Combating Non-compliant Dunnage from Maritime Cargo at U.S. Ports
During a vessel discharge last summer, a Customs and Border Protection (CBP) inspector and the U. S. Department of Agriculture (USDA) identified a restricted insect in a piece of wood dunnage from a vessel at the port. The vessel owner was instructed to reload all the dunnage back on the vessel and take it to a location outside the United States. In order to comply with this re-export directive, the vessel had to sail to a South American country that would accept the dunnage, costing the vessel time and $300,000 for this diversion.
Shippers often deal with expensive re-exportation requirements because of the standards set forth in the International Standards for Phytosanitary Measures No.15 (ISPM 15). Under ISPM 15, the contaminated wood – and sometimes the cargo it protects – must depart U.S. waters and be taken to a port that can accept it, fumigate, dispose of the infested wood, and, when necessary, repackage the cargo to return to its original destination. One carrier reported spending $2 million buying dunnage each year and another $1million to dispose of it.
ISPM 15 regulations were instituted globally to help eliminate the spread of pests and diseases impacting a country’s ecosystem via wood packaging materials (WPM) used in international trade. This applies to any timber-based packaging such as pallets, boxes, crates, dunnage or drums when shipping products internationally.
Pests in WPM include wood-boring pests, such as the emerald ash borer, Asian longhorn beetle, and wood wasp, that can destroy billions of dollars’ worth of U.S. trees and forestland. The USDA estimates that removal and remediation of damage by the emerald ash borer alone has cost at least $10 billion since the pest was first discovered in the United States in the early 2000s. From 1997 to 2006, the USDA’s Animal and Plant Health Inspection Service (APHIS) and the states of New York, Illinois and New Jersey and local government agencies have spent more than $800 million on measures to eradicate the Asian Longhorn Beetle. As of 2015, APHIS and the states of New York, Massachusetts and Ohio are also fighting Asian Longhorn Beetle infestations.
Combating Infested Dunnage
Infestation prevention rather than cure is always the optimum goal. To this end, some shippers use reusable plastics, rubber, or metal pallets rather than timber-based dunnage. When WPM is the best dunnage for cargo, shippers seek a quality, reliable packaging firm to keep their dunnage free from pest infestation problems. The timber-based dunnage will have an ISMP 15-compliant treatment mark – sometimes known as the “wheat stamp” – applied to the wood. This assures the shipper that all WPM dunnage has been heat-treated or fumigated according to ISMP 15 rules and certified as compliant dunnage for international cargo.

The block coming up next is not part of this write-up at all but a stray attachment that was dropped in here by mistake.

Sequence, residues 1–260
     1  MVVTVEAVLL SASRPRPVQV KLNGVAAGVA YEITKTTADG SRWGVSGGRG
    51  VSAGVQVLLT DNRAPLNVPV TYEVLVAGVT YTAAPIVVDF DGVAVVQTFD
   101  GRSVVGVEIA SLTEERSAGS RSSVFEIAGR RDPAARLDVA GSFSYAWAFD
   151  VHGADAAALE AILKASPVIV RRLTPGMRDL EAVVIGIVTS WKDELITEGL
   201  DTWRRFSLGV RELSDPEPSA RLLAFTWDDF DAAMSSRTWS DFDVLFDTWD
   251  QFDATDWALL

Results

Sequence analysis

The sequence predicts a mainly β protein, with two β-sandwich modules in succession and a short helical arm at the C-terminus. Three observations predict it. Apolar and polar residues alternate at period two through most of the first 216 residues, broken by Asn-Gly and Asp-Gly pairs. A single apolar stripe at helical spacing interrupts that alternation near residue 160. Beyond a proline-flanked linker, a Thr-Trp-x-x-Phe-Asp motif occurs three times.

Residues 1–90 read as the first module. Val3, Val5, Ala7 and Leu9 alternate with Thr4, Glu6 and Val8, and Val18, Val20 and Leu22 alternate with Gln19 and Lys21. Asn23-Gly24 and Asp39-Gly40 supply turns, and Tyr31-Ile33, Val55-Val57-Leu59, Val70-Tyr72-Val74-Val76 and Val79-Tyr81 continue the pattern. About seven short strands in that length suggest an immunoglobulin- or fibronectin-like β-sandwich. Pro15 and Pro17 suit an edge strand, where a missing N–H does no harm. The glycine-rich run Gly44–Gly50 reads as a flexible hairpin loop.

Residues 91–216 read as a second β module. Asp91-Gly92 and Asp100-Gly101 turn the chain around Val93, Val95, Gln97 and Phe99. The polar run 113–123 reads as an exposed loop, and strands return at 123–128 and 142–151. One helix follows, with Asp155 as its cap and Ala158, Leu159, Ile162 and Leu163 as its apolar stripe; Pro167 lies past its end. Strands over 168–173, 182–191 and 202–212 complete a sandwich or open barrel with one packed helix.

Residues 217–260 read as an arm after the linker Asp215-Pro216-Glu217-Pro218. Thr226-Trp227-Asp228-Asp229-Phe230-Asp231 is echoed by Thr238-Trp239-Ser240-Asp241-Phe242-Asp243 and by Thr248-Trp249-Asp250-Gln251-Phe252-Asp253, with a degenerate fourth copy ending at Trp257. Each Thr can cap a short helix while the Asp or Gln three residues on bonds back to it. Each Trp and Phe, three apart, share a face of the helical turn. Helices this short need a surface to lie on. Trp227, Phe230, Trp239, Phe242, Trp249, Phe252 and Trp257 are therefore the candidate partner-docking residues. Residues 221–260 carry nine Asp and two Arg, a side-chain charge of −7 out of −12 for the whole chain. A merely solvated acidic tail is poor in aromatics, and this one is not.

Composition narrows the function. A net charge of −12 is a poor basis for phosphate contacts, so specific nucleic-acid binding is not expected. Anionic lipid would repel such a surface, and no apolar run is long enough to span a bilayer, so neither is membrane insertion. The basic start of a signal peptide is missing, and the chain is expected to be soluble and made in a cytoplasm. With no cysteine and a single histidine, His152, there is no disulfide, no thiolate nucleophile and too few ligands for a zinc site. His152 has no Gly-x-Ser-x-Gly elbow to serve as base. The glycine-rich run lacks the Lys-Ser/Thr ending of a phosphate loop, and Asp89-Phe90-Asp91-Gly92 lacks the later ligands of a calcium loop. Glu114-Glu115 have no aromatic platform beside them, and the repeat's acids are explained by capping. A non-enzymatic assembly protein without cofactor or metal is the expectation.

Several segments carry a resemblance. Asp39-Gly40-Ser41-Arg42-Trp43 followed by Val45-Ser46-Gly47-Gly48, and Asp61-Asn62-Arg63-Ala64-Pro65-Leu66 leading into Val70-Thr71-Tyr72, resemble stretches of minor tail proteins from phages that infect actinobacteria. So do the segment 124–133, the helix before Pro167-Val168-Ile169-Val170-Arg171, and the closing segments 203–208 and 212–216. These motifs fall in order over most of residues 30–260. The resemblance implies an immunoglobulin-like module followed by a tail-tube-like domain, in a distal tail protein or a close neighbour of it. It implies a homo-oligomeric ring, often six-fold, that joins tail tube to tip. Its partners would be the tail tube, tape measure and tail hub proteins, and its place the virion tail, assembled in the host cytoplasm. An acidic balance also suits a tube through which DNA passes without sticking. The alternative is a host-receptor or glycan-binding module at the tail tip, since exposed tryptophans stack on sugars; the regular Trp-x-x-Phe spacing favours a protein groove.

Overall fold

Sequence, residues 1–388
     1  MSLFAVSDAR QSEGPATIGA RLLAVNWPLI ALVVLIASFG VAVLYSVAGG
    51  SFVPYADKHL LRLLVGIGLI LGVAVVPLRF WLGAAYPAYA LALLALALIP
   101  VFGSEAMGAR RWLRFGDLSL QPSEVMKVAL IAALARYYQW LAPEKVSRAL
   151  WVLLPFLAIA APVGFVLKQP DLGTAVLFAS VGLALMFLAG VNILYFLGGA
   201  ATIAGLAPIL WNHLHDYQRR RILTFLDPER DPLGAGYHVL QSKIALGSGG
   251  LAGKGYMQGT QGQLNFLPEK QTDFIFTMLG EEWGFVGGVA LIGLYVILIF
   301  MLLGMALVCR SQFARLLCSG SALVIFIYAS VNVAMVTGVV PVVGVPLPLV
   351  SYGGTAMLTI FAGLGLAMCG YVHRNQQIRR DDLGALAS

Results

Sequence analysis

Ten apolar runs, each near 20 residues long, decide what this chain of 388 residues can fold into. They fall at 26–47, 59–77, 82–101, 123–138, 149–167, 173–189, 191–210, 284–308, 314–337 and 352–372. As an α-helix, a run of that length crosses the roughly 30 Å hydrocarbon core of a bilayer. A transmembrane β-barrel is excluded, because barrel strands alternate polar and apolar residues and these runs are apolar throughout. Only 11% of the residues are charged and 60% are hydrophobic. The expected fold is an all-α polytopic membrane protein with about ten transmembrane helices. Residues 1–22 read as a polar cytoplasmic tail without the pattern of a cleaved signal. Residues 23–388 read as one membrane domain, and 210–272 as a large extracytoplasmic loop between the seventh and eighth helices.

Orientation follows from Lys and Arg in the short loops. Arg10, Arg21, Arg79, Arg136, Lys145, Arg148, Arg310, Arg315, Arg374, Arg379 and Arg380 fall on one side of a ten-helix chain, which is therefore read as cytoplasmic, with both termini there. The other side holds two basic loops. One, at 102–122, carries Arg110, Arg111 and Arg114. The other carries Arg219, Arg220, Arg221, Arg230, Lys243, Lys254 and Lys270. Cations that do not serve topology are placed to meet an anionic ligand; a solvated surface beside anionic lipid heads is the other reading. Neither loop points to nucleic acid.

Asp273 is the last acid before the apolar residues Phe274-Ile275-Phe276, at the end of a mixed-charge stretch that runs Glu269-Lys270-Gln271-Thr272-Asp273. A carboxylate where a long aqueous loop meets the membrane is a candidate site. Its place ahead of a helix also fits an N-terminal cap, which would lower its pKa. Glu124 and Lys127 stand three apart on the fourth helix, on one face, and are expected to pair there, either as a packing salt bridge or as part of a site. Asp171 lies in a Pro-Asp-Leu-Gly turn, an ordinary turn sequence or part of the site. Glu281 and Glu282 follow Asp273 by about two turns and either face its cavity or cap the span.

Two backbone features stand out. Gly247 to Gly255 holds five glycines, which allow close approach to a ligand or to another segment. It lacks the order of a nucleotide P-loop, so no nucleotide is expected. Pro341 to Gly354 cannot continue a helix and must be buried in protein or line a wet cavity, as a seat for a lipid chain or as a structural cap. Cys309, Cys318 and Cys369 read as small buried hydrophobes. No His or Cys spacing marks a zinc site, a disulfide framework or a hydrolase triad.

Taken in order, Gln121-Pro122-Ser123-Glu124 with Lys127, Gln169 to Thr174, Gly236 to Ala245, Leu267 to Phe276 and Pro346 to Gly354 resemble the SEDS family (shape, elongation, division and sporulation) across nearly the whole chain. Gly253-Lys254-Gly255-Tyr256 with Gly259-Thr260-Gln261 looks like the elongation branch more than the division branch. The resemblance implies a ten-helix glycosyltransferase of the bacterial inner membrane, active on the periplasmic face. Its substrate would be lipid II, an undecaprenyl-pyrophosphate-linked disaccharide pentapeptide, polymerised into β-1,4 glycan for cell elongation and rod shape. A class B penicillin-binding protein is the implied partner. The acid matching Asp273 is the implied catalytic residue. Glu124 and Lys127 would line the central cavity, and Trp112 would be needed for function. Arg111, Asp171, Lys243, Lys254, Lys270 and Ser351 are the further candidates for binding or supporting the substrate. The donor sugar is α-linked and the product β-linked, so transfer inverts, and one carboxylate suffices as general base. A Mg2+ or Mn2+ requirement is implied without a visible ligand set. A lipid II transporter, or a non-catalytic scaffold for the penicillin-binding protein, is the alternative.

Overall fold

As indicated previously, even stamped, compliant dunnage has sometimes revealed an invasive pest when inspected at the port of call, triggering re-exportation measures and even the potential for fines. In 2016, USDA’s Animal and Plant Health Inspection approved incineration as a disposal option for non-compliant dunnage from maritime cargo at U.S. ports of entry, if there was access to an APHIS-approved incineration facility. This option allows shippers a solution that is more economical and faster.
The incineration facility must have a compliance agreement with APHIS to destroy and dispose of non-compliant dunnage. Transportation companies, shipping lines, and port authorities must have a compliance agreement with CBP to safeguard, manipulate, or transport non-compliant dunnage.
In the Houston port region, R Warehousing & Port Services Inc., a Richardson Company, recently announced an approved incineration site at their location on Clinton Drive in Galena Park. (For further reading, the announcement is published in the Member Updates section of this magazine.)
Houston Wood Packaging and Dunnage Coalition
The Houston Wood Packaging and Dunnage Coalition was informally established in April 2019, comprised of approximately 50 companies and organizations that are a cross section of stakeholders representing the major companies involved in the international supply chain for imported steel products and project cargos.
The driving force of the Coalition has been to interact with CBP, the USDA, and independent companies to develop workable solutions to combat the importation of non-compliant wood packaging and dunnage used in maritime transportation and trade. Since forming last April, significant headway has been made in their interactions with CBP and USDA. A focused effort is underway to broaden the exchange of information and implement best practices to improve the inspection of the wood packaging and dunnage material at the load port so that any noncompliant material can be intercepted before it ships.
For information about the Houston Wood Packaging and Dunnage Coalition contact Rich Brazzale, Lake Shore Associates LLC, email@example.com.
- Date March 9, 2020
- Tags 2020 February